Tool Time: Analyzing Performance Profiles using Hatchet

Wednesday, September 2, 2020

Profiling tools such as HPCToolkit, Caliper, TAU, and Score-P allow developers to focus their optimization efforts by pinpointing the parts within a code's execution that consume the most time. Most profiling tools use their own unique format to store recorded data, and they may display this data as text or with a tool-specific viewer (typically a GUI). The analysis capabilities in these tools are limited in the kinds of analyses they support, and they do not enable the end user to programmatically analyze performance data.

Hatchet is a Python-based library that allows performance profiles to be stored as Pandas DataFrames, indexed by structured tree and graph data. It is intended for analyzing performance data that has a hierarchy (for example, serial or parallel profiles that represent calling context trees, call graphs, nested regions’ timers, etc.). Hatchet implements various operations to analyze a single hierarchical dataset or compare multiple datasets, and its API facilitates analyzing such data programmatically.


Hatchet supports analyzing data from several profiling tools: HPCToolkit, Caliper, gprof, callgrind, and Python’s cprofile. We are in the process of adding support for TAU, and we welcome contributions that add support for other profiling tools/data formats. Step zero for using Hatchet is collecting data for a program with the tool of one’s choice (see supported data formats.) Once the user has a dataset to analyze, they can install Hatchet either using pip or directly cloning the git repository on GitHub. Hatchet can then be used in a jupyter notebook or an interactive Python session, using:

>>> import hatchet as ht

After importing hatchet, a user can load their profile data into Hatchet using the corresponding reader. Once the data is loaded in Hatchet, it will be stored into Hatchet’s data structure known as GraphFrame. The GraphFrame contains two objects: 1. a graph object that stores the caller-callee relationships, and 2. a Pandas DataFrame that stores the categorical or numerical data for each node in the graph. This is shown in Figure 1.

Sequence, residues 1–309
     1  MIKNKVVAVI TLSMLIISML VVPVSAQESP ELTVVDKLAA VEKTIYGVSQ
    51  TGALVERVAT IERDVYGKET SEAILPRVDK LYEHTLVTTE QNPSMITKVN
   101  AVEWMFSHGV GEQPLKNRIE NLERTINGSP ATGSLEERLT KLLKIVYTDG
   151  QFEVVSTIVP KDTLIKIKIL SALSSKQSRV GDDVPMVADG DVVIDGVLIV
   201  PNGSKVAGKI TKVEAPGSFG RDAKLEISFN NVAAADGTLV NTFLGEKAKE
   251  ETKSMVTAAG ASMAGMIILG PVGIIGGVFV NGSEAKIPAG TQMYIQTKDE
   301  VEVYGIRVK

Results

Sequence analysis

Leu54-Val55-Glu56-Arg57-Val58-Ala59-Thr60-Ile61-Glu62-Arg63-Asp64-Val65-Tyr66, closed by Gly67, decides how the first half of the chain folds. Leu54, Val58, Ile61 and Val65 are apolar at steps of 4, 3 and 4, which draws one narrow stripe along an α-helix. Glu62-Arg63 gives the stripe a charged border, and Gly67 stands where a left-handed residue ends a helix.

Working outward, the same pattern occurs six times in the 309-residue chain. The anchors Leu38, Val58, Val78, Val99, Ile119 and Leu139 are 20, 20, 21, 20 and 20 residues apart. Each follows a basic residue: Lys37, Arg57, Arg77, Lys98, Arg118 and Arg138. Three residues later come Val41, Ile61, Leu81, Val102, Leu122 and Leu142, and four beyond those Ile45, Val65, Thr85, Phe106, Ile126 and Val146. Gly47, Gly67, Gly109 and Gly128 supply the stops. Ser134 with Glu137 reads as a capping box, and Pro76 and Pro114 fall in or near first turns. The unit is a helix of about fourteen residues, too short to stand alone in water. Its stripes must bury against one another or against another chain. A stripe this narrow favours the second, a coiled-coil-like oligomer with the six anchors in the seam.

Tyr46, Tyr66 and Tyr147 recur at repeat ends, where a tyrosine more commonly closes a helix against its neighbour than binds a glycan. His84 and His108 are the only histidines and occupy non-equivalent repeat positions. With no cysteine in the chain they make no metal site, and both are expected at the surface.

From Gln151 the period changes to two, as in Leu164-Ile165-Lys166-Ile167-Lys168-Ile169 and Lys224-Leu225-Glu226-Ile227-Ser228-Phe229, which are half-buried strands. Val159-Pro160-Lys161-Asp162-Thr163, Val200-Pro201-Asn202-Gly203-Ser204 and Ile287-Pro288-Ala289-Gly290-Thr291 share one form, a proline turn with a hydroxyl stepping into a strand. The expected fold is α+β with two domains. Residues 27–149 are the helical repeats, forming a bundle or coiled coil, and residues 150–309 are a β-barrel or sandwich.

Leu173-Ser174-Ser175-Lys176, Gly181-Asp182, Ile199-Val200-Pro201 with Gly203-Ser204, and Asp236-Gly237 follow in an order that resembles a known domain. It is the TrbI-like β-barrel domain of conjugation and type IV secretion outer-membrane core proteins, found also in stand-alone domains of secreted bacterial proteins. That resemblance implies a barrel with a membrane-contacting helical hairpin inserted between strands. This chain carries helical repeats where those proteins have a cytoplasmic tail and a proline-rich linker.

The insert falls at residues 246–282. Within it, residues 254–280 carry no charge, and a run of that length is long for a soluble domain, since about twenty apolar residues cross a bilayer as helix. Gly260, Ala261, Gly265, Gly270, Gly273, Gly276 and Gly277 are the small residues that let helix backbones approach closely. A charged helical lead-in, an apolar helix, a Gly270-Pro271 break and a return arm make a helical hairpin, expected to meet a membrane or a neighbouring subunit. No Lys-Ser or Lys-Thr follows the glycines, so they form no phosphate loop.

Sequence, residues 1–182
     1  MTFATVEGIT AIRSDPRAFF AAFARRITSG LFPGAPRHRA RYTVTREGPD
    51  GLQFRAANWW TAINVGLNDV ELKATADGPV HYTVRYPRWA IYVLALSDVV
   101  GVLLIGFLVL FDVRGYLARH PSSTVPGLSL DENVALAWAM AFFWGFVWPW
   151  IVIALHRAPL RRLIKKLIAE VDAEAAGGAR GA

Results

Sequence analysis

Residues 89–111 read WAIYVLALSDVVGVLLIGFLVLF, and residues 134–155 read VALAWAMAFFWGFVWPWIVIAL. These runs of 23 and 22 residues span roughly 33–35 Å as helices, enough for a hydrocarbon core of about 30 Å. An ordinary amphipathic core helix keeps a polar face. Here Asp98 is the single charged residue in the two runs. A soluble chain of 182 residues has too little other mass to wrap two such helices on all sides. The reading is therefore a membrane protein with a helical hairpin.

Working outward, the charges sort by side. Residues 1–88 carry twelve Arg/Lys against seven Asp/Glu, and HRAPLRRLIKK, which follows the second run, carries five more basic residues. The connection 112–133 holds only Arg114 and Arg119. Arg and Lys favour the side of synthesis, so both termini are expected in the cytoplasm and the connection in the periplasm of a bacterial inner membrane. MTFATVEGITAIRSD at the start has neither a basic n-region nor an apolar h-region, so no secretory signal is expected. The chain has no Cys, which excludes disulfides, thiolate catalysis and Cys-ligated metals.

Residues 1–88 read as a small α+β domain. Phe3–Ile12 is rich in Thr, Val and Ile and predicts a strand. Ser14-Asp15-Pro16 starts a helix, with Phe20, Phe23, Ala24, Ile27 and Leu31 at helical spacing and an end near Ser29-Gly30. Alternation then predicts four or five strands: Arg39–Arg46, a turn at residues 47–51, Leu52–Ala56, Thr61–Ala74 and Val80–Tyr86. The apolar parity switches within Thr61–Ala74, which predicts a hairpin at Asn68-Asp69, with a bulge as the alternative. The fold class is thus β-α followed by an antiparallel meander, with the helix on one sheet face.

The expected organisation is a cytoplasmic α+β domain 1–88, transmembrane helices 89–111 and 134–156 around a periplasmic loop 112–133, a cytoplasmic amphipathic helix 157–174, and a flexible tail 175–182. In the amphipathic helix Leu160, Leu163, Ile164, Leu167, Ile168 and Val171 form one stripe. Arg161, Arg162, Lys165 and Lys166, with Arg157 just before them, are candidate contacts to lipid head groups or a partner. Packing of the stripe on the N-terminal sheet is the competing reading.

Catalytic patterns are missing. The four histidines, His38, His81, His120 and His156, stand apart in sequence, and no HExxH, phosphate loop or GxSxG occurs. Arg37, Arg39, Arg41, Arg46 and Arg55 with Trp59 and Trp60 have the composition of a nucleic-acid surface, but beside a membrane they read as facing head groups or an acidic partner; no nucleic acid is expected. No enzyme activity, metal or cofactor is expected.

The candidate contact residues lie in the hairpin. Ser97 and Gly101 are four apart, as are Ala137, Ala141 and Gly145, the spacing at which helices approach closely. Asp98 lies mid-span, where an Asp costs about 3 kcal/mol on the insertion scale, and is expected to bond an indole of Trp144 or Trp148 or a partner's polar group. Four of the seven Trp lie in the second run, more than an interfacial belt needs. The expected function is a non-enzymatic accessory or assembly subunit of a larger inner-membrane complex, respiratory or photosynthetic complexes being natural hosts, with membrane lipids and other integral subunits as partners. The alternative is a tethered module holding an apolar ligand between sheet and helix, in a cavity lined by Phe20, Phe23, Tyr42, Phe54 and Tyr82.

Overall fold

Figure 1: Hatchet’s central data structure is known as a GraphFrame. The GraphFrame consists of two components, a graph storing the caller-callee relationships and a pandas DataFrame object containing the data associated with each node in the graph.

The hatchet API has several operations that users can perform on a single graphframe (dataset) or on multiple graphframes. For example, after loading a dataset into a GraphFrame, a user can visualize the graph in the terminal and print the corresponding DataFrame using the Python code below. For this example, we assume the GraphFrame created by the user has been named gf:

>>> print(gf.tree())
>>> gf.dataframe

We also support other visualization formats described here. Once the user is familiar with the GraphFrame data structure and what it contains, they can use various Hatchet operations to analyze their hierarchical data or graph. For example, a user can prune the tree to focus on an interesting part of the graph using the filter and squash operations. Hatchet provides the option to filter on the metrics stored in the DataFrame or on callpath patterns in the graph or both. Hatchet provides a query language that can be used to construct a query that specifies a callpath pattern that can be provided as an argument to filter.

A user can also load two datasets into separate GraphFrames, and use Hatchet’s algebraic operators (add, subtract, divide, or multiply) to compare them. Some common use cases are comparing execution profiles that represent two executions of a program that differ in some aspect -- runs with different inputs, or runs with different number of MPI processes or threads, or simply executions done at different points in time. For example, to understand the differences in time spent in different nodes of call graphs from two executions, a user can simply write:

>>> gf3 = gf2 - gf1

This performs a pairwise difference of the numeric metrics associated with corresponding nodes in the two graphs, creating nodes as needed when a node only exists in one of the graphframes which is shown in Figure 2.

pic1 - pic2 = pic3

Figure 2: Subtraction operation on two GraphFrames (resulting graph on the right). The color of node represents the exclusive time spent in the node on a linear color scale.

With a few lines of Python code, a user can also compare several performance profiles as shown here. We refer the reader to the hatchet documentation for the complete Hatchet API and usage examples.


Hatchet is a Python-based performance analysis tool for pinpointing bottlenecks in hierarchical or structured data, such as calling context trees or call graphs. By performing simple operations on these graphs with Hatchet, users can get answers to questions such as:

  • Which functions in my code have the most load imbalance?
  • Which functions or code blocks scale poorly?
  • Which functions speed up the most when using CPUs versus GPUs?

To get started with Hatchet, we refer the reader to the links below:

-- Abhinav Bhatele (University of Maryland), Stephanie Brink (Lawrence Livermore National Laboratory)